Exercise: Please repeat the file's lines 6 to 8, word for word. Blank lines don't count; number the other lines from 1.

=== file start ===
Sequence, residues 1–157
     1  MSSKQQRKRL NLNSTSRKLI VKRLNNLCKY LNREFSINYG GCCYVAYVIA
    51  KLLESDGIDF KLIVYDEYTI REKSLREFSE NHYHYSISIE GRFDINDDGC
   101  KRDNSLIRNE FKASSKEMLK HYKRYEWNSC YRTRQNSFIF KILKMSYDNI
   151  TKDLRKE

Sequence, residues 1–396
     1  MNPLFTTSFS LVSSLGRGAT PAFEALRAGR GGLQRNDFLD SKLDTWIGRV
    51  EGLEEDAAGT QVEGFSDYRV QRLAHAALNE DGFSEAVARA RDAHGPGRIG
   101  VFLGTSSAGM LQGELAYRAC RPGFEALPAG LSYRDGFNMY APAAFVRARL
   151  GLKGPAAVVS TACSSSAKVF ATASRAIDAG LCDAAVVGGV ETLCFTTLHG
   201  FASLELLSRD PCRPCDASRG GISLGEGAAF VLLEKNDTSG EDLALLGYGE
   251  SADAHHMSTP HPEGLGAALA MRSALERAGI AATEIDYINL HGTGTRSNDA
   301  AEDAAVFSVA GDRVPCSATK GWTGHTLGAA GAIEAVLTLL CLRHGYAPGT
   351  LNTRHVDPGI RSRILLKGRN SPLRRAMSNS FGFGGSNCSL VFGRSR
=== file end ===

Sequence, residues 1–396
     1  MNPLFTTSFS LVSSLGRGAT PAFEALRAGR GGLQRNDFLD SKLDTWIGRV
    51  EGLEEDAAGT QVEGFSDYRV QRLAHAALNE DGFSEAVARA RDAHGPGRIG